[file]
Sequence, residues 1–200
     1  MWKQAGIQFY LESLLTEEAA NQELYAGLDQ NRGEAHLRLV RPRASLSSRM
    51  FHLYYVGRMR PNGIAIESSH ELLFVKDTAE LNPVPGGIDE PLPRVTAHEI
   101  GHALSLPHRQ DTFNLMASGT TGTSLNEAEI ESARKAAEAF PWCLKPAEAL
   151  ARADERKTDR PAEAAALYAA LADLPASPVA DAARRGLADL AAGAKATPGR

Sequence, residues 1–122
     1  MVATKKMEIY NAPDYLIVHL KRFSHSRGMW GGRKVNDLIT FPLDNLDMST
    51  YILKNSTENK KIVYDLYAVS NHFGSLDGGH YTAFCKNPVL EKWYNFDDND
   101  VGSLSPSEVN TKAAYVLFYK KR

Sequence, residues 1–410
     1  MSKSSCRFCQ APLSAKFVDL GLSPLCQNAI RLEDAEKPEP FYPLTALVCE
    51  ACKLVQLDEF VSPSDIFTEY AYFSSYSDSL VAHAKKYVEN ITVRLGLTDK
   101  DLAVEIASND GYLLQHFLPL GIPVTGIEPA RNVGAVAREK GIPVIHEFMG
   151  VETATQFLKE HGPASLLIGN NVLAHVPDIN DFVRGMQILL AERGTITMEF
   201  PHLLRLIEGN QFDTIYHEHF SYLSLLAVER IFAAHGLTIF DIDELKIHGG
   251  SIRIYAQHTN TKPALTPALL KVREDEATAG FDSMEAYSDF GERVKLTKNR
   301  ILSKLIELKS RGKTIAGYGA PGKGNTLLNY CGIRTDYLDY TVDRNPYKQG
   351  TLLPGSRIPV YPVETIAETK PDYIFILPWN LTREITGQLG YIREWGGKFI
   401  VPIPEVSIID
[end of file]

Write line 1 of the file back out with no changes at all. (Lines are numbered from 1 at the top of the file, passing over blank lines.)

Sequence, residues 1–200